"I thought they played terrific," Auburn Coach Jeff Lebo said of Alabama. "They could have beaten the Lakers, and if you didn't see it out there, we're not the Lakers. Our chance was for them to have a terrible game shooting from the perimeter. We had to pick whether they scored inside or out and they just shot the ball really well."
Alabama forward Chuck Davis hit 7-8 shots from the field and 4-4 free throws. He finished with 18 points, but more importantly he opened up the perimeter offense for Kennedy Winston and senior Earnest Shelton, who each scored 24 points.
"In the first half they were doubling me, and Kennedy was hot and hit every shot after I passed it to him," Davis said. "We were so hot that they couldn't double me as much in the second half. There was no reason why those smaller guys should have been able to guard me."
Winston hit 5-6 threes in the first half, and Shelton was the beneficiary of the Tide low post attack with 4-4 threes in the second half.
While Alabama made 11-22 threes for the game, Auburn made only 6-31 for 19.4 percent. The Tigers made only 1-20 in the second half.
"Our chance was for them to have a terrible game shooting from the perimeter," Lebo said. "We had to pick whether they scored inside or out and we had to shoot well. If we make them, we have a shot. If we don't, then this is what happens. It just didn't go tonight. We hit 6-31 and we probably needed about 16-31 to have a chance."
Alabama point guard Ronald Steele was limited with a thigh contusion and scored only two points in 16 minutes. Winston took over at the point for much of the game and excelled at the position.
"I was getting a lot of wide open looks in the first half," Winston said. "They did a good job of finding me out of the double team. Coach gave me the responsibility of running the offense and I liked it a lot. I did it my senior year of high school so it wasn't a big issue for me."
Lebo said following the game that he believed the six-foot-six swingman has the potential to make a splash in the NBA next season if he chooses to leave school early.
"Winston is terrific," Lebo said. "I love his ability to score in a lot of different ways. He's one of the best shooters in the country. If you leave him open the shot's going down. He can post, beat you off the dribble or spot up."
Alabama led by only 11 points at halftime and by nine early in the second half, but made 17-26 shots from the floor in the final 20 minutes to turn the game into a blowout and clear both benches.
"You like nights like this," Shelton said. "We didn't do that well in the first half, but we played great defense in the second half which led to offense. It was fun getting to see those other guys (seniors Lucky Williams and Jason Reese) that you practice with everyday get out there tonight."
Thirteen Auburn players saw the court and 12 players from Alabama got playing time.
For the game Auburn made only 18-62 shots for 29 percent and Alabama made 31-57 for 54.4 percent.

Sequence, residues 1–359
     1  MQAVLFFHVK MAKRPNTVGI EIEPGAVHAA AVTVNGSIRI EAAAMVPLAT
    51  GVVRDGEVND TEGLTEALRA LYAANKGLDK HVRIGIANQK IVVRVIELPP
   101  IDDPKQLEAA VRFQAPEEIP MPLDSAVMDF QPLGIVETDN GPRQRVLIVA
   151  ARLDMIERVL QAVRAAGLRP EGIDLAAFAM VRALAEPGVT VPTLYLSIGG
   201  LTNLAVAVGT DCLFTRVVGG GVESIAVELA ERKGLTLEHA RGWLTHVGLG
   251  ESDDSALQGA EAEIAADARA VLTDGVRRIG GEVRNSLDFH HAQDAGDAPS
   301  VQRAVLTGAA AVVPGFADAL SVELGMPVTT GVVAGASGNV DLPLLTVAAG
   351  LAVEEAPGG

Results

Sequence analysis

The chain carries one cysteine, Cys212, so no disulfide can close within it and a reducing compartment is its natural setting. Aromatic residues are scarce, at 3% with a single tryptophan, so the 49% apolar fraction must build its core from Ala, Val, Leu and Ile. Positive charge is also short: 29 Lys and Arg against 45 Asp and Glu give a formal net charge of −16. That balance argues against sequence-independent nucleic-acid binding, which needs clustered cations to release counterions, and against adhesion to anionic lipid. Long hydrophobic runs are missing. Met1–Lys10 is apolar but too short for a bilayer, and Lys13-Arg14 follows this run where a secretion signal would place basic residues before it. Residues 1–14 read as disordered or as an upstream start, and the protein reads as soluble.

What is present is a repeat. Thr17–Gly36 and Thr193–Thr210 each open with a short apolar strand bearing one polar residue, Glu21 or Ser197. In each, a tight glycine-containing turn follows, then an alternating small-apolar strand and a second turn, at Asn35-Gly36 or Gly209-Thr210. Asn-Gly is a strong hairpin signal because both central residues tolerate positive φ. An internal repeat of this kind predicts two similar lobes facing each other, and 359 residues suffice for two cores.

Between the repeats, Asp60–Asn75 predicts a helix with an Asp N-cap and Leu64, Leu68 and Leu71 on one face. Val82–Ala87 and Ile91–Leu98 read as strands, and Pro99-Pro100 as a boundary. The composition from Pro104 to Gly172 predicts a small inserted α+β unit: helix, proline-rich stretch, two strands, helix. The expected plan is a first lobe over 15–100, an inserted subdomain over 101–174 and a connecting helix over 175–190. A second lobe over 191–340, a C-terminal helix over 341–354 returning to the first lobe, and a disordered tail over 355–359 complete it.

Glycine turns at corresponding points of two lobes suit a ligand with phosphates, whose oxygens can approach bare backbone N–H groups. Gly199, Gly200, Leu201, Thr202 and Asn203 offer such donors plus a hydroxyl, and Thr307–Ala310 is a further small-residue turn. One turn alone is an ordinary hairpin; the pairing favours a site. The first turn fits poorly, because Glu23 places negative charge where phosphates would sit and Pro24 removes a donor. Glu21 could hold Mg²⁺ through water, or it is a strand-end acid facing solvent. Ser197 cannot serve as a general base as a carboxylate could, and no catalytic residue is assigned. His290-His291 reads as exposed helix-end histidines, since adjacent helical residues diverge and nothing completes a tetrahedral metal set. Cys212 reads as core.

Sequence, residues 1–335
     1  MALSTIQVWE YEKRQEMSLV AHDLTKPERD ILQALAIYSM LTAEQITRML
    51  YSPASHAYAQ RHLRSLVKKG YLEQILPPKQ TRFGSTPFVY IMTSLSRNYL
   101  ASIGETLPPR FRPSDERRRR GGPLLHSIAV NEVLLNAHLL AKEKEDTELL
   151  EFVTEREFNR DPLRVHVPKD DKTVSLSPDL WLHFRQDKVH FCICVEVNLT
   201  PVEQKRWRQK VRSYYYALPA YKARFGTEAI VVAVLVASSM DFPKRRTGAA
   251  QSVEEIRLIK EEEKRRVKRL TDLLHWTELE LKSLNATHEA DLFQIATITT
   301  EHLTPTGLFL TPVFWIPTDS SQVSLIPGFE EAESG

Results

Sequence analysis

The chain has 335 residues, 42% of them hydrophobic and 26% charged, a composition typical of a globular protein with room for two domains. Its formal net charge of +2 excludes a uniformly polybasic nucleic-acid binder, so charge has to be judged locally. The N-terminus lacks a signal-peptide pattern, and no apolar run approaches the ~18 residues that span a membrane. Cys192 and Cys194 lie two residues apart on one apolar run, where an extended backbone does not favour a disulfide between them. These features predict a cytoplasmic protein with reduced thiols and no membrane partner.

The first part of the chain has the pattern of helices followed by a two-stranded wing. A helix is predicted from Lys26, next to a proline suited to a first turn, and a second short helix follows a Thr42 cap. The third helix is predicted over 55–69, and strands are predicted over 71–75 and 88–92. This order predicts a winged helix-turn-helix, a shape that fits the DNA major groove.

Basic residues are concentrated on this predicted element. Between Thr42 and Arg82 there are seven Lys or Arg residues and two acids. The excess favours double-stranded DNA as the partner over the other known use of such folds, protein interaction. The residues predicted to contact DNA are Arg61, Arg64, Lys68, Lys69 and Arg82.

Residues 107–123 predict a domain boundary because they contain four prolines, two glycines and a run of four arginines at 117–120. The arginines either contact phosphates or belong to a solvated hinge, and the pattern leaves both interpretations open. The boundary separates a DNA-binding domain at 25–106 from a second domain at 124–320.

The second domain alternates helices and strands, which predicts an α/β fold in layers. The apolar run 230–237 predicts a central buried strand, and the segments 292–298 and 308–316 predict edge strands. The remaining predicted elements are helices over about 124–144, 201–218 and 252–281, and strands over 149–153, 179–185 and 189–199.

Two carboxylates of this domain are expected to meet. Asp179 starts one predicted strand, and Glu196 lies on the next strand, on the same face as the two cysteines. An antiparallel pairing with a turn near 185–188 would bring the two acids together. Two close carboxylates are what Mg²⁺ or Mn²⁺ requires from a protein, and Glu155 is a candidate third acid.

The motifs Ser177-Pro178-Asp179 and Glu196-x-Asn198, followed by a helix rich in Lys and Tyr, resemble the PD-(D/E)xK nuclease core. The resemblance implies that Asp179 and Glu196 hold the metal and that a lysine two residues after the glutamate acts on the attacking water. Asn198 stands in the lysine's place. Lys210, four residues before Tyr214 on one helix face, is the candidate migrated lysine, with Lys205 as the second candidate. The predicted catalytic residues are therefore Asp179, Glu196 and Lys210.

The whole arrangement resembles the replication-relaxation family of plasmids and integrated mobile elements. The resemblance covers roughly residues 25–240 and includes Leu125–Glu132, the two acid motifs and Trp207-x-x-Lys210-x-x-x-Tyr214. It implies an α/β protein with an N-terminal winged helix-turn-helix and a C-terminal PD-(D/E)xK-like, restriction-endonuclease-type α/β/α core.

"We talked a lot about defending the three-point line and in the second half we extended our defense a little more," Alabama Coach Mark Gottfried said. "Shelton did a nice job in both games of defending (Toney Douglas). Douglas is going to be a really good player, but Earnest has done a real good job defensively down there and here against him."
Coming into the game Douglas was averaging 17.1 points and 5.3 rebounds, but was a non-factor Wednesday night with only seven points and one rebound.
The Tide's biggest lead in the first half was 16 points and its halftime lead was 41-30. Winston and Davis scored the Crimson Tide's final 12 points in the first half and 27 for their 41.
Winston led all scorers in the first 20 minutes with 17 points. The Tide committed only three turnovers in the first half with the first coming more than 13 minutes into the game. Auburn held its own against the much taller Tide in rebounding and trailed 18-17 in that category.
After getting called for six fouls in less than a one minute span, Auburn's biggest troubles of the first half came from fouls. Four of the five starters had two or more fouls at the break.
On a whistle-happy night in Coleman Coliseum which saw three technical fouls and 39 total, 27 by Auburn and 12 by Alabama, Tiger forward Daniel Hayles was foul-free in for the first 22 minutes of the game, but that quickly changed.
After picking up a phantom foul for his fourth in less than six minutes, Hayles went ahead and picked up the fifth on a technical by arguing with the officials.
Alabama's Shawn Taylor and Reese also picked up technicals for hanging on the rim. Reese hung on the rim for several seconds, pulled himself up and could have seriously injured Auburn's Troy Gaines, who Reese landed on, but the Tide fans, players and coaches just enjoyed the moment.
"That was crazy," Davis said. "I'm pretty sure that'll be on SportsCenter."
In a year that Auburn been on the losing side of several blowouts, the 41-point loss to the Crimson Tide was the worst of the year.
"I think they're very good," Lebo said. "I think they're one of the most underrated teams in the country at No. 19. They could have easily won the last two games (against LSU and Kentucky) and if they did they'd probably be in the Top 10. They don't have a lot of depth, but if they can stay out of foul trouble they'll be good. I think they could go far into postseason."
Auburn's leading scorer and rebounder for the game was Quinnel Brown with 17 points and eight boards. Brown made 6-6 foul shots and Auburn made 11-12 as a team. Alabama also shot well from the line, hitting 21-24. Shelton made all eight of his foul shots.
Although rebounding was nearly even in the first half, Alabama went to work on the glass in the second half and won that battle 42-31. The Tide also had only 10 turnovers, five fewer than the Tigers.
Auburn will finish the regular season at home Saturday against Arkansas at 1 p.m. The game will be televised on JP Sports.